Since last spring, the University of Massachusetts Amherst has been working on an initiative in coalition with the town of Amherst as well as the Amherst Police Department to take more of a proactive approach in the taming of the out-of-control off-campus party scene.

This year’s Blarney Blowout, the all-day affair in which students celebrate St. Patrick’s Day a week early before spring break, seemed to expedite the process.

“The problem now is that (off-campus parties) are becoming larger in scope, becoming more violent,” said Amherst Police Captain Christopher Pronovost.  “It’s begun to take a more serious toll on the students and on members of the community.”

According to Director of Media Relations at UMass, Ed Blaguszewski, two additional ambulance staff will be on duty until graduation, amounting to an estimated $40,000 in addition to the $300,000 the university already pays annually to the town in ambulance services.

Consequently, the university has since come to an agreement with the town to run patrol cars in-and-out of the major party areas on weekend nights that historically have caused problems.  These areas include Phillips St., Pufton Village, as well as the Townehouses, according to Captain Pronovost. The new forces will cost the university an extra $6,000.

“It’s Collaborative,” said Town Manager, John Musante, when describing the town’s relationship with UMass.  “I consider the university a partner with the community where we’re both heavily invested in each other’s success.”

Musante added, “There’s on-going efforts with our staff of 18 members including university leadership, landlords, community members, town staff, and the select board.”

While a more hands-on approach may appear to be a step in the right direction to university and town officials, many students believe otherwise.

“A better approach would be allowing things to happen, and then maybe mediating it, by having officers out so that the fear is there,” said junior Ian Hunter.  “You’ve got to work with us, not directly against us”

Perhaps a good omen for students wishing their voices were heard, Musante believes strong interaction with the student body is vital to creating a harmonious relationship between the town of Amherst and the university.

“I am 110 percent in agreement with the students,” said Musante.  “There is much more we can do, and I’m encouraged by some of the outreach we’ve had.  I’ve had some good dialogue with town officials and student government leadership.”

Because the heightened services are set to be used only until the end of the semester, both the town of Amherst and university officials have plans to reach an agreement for the long haul.

“We’ve had discussions about trying to develop a walking path for students that really is clear, so that they do not walk through neighborhoods, and through downtown, but would traverse back through the main thorough fairs back to campus, creating less noise,” said Blaguszewski.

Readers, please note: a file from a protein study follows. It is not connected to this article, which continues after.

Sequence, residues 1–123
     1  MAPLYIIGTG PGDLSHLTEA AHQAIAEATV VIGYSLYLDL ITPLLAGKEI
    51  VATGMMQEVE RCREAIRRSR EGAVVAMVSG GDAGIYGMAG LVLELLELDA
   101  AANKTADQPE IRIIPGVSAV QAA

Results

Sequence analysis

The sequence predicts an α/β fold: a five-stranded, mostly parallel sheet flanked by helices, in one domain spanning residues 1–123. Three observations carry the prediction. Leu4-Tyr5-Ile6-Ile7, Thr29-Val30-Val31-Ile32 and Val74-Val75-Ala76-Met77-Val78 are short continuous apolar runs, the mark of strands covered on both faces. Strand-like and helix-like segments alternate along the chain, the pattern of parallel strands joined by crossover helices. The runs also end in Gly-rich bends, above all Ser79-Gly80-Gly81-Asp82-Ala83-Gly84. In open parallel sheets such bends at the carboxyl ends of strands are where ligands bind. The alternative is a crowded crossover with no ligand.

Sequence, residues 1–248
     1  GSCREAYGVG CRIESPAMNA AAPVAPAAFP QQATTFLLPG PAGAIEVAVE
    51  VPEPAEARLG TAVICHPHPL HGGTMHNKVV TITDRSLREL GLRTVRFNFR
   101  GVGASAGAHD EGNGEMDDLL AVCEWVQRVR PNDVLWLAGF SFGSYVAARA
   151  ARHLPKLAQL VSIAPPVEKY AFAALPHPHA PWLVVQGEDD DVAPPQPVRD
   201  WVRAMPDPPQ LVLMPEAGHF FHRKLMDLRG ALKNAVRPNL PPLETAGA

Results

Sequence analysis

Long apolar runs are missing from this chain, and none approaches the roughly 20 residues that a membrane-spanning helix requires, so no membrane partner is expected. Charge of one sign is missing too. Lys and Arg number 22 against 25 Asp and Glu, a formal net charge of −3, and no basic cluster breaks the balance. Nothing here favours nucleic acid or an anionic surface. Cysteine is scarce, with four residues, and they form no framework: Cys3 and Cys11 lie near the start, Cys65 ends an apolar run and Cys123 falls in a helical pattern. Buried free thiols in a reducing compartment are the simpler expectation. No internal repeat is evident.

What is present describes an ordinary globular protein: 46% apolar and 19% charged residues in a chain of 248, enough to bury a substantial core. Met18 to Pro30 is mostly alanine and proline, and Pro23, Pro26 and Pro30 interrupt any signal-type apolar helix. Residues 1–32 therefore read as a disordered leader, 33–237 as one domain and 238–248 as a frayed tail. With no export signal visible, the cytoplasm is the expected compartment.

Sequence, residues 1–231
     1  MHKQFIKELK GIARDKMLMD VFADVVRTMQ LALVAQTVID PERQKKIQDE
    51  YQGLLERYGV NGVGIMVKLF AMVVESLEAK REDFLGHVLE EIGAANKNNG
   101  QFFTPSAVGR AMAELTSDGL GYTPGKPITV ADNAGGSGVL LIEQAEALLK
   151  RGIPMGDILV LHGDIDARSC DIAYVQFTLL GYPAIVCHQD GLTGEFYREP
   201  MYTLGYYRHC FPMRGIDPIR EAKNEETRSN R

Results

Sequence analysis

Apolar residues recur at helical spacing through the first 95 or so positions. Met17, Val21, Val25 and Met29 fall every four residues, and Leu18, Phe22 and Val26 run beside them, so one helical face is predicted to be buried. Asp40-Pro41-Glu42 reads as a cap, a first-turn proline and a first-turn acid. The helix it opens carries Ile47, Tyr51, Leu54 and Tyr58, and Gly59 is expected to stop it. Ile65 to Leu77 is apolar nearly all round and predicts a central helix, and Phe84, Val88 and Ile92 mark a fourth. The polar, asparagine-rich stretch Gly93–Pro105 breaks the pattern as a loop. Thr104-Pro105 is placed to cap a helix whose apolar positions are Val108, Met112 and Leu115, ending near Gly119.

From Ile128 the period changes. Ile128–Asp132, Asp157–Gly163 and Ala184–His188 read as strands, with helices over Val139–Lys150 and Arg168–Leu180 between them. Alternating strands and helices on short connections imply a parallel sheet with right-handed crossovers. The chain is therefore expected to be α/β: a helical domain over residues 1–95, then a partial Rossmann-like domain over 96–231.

While any number of initiatives or coalitions can be put in place to help solve the issue at hand, first year Chancellor Kumble Subbaswamy contends a lot of the weight falls simply on the students, themselves.

“Ultimately it’s on the students,” said Chancellor Subbaswamy.  “Student-to-student interaction is the best possible way to prevent these sort of things from happening.”

The Chancellor added, “Students need to spread the word that these types of activities are not okay, and realize that they have a great deal at stake ensuring the reputation of the university.”

Although Pronovost agrees with the Chancellor that rowdy behavior can always be restrained through student-to-student interaction, the Captain would like to see UMass offer some sort of alternative to students of age, giving them a place to drink safely on campus.  The problem stems, according to Pronovost, from when students are forced to relocate off-campus due to regulations on campus.

“Students come off-campus, most of the time in residential neighborhoods where there are families living there,” said Pronovost.  “These homes are not equipped to handle hundreds-of-thousands-of-people, and it becomes a safety issue.”

This past weekend marked the first in which the new restrictions by the town and university were put into play.  After quickly being kicked out of a large gathering on Hobart Lane, as students attempted to resurrect the old, “Hobart Hoedown,” seven policemen seized control of yet another “quad party” at the Townehouses around 1pm, exiting some 400-500 UMass students out of the area that had made the trek over from Hobart.

Police cruisers continually drove in-and-out of the major party areas throughout the day, making sure everything was under control, and that large groups of students would not return to those areas.

“I don’t think they’re wrong for trying to prevent large scale parties, but trying to prevent any partying at all is kind of ridiculous,” said junior Mike Loughery.  “It’s the first really nice day out in a while, kids are just trying to enjoy the spring day, and they aren’t letting us.”

While some students may not be particularly happy with the way the day turned out, it’s simply something they’re going to have to get used to, as the town of Amherst and UMass continually work together to crack down on off-campus partying.

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